High-ranking officials such as Ambassador of Hungary to Latvia Adrien Müller and Tamás Melke, the Defence Attaché of Hungary in Poland were present during exercises showing the Hungarian mission’s combat readiness, just a day after Hungarian President visited in a meeting with his Lithuanian counterpart.
Enveloped by thick fog, two Hungarian Saab JAS-39 Gripen fighter jets flew high in a Tango (Training) scramble to remind people within and without the Baltic states that the countries’ skies are protected by NATO.
The Hungarian mission features two ‘readiness’ and two spare jets. A total of 88 mission personnel including nine pilots are stationed in the Siaulai air base.
The air base is full, with spotless barracks - though it seems without a kitchen, meals are delivered by a nearby hotel - dedicated to mission personnel, along with two 3 km runways, hangars for the aircraft, and a tower overseeing the expanse of tarmac that last year saw as many as 4 take-offs in 15 minutes.
The Commander of the BAP mission, LT Col Tamás Fekete, said that at least two pilots are ready for action at all times, which means little rest for the pilots, who only routinely go to the city on weekends.
Fekete was reluctant to state the exact time in which they are able to become airborne, however NATO rules stipulate that the jets must be airborne in 15 minutes after the alarm has been sounded. The mission is coordinated from the Combined Air Operations Centre in Uedem, Germany.
The Hungarian mission, revealed Fekete, mostly scrambles for planes flying from St. Petersburg to Kaliningrad over the sea, while the German mission in Estonia scrambles for planes going back through the same route.
As Russia's military is busy in Syria, the activity of Russian jets has died down in the Baltics. The Commander of the BAP mission said that whereas previously they used to have six alerts a day in Norway, there are now six alerts a month for the whole BAP mission. The current mission has intercepted more than 15 Russian planes in total, of which two were military jets. In 2014 the BAP intercepted over 150 Russian jets.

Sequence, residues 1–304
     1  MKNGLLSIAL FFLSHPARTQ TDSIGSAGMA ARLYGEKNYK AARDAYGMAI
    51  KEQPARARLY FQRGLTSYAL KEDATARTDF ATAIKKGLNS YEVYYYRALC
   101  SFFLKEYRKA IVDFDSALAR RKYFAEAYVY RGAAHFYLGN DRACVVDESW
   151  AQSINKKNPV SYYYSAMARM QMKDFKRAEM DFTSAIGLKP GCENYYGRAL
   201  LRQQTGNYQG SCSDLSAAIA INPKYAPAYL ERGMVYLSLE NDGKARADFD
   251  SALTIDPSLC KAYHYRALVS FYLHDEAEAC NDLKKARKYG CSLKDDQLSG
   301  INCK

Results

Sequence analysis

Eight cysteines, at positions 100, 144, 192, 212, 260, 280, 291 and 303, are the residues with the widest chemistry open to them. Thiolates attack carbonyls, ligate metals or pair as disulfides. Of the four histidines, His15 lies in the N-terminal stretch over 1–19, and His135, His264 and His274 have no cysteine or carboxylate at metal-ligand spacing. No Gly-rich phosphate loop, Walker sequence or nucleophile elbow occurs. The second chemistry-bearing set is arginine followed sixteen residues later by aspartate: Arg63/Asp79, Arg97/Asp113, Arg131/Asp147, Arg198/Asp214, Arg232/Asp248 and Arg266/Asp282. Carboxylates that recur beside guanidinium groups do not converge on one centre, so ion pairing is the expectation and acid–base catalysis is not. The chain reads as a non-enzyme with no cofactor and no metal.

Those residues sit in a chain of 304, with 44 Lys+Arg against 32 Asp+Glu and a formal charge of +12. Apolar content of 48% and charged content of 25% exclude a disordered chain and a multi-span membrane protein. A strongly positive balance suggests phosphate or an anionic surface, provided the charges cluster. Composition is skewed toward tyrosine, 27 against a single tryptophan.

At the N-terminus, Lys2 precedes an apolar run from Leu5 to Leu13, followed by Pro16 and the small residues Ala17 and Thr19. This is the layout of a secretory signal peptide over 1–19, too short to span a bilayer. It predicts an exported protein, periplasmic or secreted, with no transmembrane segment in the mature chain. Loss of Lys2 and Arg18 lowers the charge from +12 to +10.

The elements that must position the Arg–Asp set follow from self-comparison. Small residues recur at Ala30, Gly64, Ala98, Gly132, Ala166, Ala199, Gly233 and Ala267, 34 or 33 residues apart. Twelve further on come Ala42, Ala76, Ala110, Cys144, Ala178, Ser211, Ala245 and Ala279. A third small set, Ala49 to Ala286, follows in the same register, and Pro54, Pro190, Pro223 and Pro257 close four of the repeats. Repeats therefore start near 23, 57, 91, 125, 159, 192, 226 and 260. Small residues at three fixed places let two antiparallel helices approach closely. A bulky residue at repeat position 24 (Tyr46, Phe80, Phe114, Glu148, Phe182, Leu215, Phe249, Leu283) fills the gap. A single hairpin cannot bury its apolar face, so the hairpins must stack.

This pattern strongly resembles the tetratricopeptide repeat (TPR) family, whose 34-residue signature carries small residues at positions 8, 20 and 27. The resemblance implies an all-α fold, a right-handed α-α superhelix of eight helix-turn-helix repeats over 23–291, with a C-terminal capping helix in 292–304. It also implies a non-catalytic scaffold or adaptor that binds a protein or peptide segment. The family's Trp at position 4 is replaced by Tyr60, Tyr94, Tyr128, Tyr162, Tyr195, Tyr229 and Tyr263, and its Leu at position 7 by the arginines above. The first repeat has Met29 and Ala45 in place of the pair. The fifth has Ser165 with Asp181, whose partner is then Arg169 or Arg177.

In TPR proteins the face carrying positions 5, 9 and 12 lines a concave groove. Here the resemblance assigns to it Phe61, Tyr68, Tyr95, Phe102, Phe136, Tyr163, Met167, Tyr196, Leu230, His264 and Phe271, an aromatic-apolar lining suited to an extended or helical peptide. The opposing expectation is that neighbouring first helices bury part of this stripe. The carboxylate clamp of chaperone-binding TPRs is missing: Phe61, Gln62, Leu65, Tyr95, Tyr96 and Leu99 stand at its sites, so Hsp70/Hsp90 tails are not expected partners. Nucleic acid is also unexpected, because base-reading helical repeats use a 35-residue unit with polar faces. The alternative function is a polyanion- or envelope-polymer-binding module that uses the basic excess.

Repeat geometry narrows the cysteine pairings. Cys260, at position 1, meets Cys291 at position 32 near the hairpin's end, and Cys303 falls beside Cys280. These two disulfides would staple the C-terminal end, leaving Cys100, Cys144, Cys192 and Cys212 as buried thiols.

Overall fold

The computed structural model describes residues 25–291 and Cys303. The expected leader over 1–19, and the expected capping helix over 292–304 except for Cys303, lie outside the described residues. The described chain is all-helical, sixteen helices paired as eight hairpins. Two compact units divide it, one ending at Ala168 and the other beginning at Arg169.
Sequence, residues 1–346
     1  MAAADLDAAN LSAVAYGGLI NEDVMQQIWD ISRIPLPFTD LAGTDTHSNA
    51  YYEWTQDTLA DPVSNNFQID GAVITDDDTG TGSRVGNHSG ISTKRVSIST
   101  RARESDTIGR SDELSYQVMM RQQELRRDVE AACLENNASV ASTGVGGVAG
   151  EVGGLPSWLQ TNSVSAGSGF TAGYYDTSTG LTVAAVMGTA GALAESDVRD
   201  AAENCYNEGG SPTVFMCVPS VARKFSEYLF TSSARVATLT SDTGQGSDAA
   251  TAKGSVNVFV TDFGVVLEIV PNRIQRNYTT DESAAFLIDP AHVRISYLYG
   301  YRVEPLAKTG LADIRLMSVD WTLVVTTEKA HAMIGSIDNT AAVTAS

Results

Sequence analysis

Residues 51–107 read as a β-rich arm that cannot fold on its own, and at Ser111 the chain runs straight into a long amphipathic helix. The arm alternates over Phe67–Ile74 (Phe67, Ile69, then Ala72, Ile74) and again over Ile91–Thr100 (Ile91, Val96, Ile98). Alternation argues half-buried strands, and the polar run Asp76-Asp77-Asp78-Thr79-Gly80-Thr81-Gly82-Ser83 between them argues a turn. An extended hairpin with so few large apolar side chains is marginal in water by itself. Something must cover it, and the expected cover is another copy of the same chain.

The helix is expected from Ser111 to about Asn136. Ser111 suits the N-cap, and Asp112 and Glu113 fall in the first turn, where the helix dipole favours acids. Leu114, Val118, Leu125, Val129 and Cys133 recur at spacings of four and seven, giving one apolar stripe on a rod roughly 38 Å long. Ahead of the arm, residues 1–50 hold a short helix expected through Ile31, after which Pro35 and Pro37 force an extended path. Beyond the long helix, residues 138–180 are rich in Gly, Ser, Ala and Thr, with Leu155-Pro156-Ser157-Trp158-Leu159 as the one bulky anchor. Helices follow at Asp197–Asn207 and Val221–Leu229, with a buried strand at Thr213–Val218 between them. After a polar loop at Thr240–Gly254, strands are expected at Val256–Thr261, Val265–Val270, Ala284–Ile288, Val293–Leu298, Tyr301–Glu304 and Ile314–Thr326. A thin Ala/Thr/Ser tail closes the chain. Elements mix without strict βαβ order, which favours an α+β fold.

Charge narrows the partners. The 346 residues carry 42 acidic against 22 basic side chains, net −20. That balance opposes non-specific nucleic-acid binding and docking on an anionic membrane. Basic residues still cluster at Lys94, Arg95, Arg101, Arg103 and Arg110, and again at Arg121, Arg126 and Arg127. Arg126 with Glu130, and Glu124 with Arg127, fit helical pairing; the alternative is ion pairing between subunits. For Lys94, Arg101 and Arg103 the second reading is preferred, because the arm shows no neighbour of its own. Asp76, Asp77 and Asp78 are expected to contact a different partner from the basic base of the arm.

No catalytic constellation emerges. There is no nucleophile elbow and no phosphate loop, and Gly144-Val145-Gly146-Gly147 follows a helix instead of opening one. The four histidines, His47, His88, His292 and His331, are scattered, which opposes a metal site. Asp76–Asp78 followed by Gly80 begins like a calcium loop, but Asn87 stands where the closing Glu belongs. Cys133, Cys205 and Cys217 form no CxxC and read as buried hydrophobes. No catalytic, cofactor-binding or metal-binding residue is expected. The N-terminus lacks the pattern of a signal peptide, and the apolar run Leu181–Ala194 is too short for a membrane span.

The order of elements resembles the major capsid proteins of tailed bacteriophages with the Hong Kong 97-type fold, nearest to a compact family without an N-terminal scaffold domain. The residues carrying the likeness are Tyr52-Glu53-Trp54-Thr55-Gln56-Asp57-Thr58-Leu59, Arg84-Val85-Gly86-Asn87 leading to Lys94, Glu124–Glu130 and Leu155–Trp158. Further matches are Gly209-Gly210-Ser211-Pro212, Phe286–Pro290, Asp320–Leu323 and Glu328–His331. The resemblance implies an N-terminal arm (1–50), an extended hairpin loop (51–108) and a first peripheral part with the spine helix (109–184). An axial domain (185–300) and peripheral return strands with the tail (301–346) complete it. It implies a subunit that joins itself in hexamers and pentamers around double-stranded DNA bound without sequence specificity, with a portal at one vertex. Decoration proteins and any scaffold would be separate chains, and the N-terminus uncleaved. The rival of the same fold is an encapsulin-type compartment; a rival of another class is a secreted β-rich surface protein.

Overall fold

"The Russians are not flying so frequently over the Baltic states, as they have other missions, so I think that that part of the world is more complicated," LT Col Tamás Fekete told LSM.
Describing the challenges faced by the Hungarian mission, Fekete said that intercepting military aircraft is a new challenge for them, as over Hungary and Slovenia - Hungary is protecting the Slovenian airspace as well - there are only civilian flyovers.
A pilot himself since 1987, Fekete also shared his thoughts about a Baltic-specific challenge posed by the ever-changing weather.
The air policing mission will be handed to Spain on January 8, 2016. Hungary is to return to policing Baltic skies in 2019.
The planes will be flown back to Hungary one by one. The trip takes an hour and a quarter for the Saab jets with a top speed of Mach 2. Support personnel will return in Lithuanian cargo planes.
The Baltic Air Policing mission, NATO’s assurance to protect Baltic skies, operates on a rotational basis and is currently handled by Germany and Hungary. In 2015, the three Baltic nations are contributing about €3m each to the mission.
A total of eight fighter jets are stationed in the Baltic states in two bases, down from 16 before September 2015. Four German Eurofighter jets are in Estonian Amari base, and four Hungarian Saab JAS-39 Gripen jets are stationed in the Siaulai air base.
The Baltic states, which regained their independence in 1991 after 50 years of Soviet occupation and joined NATO in 2004 are wary of Russia in the wake of its military intervention in Ukraine and aggressive rhetoric.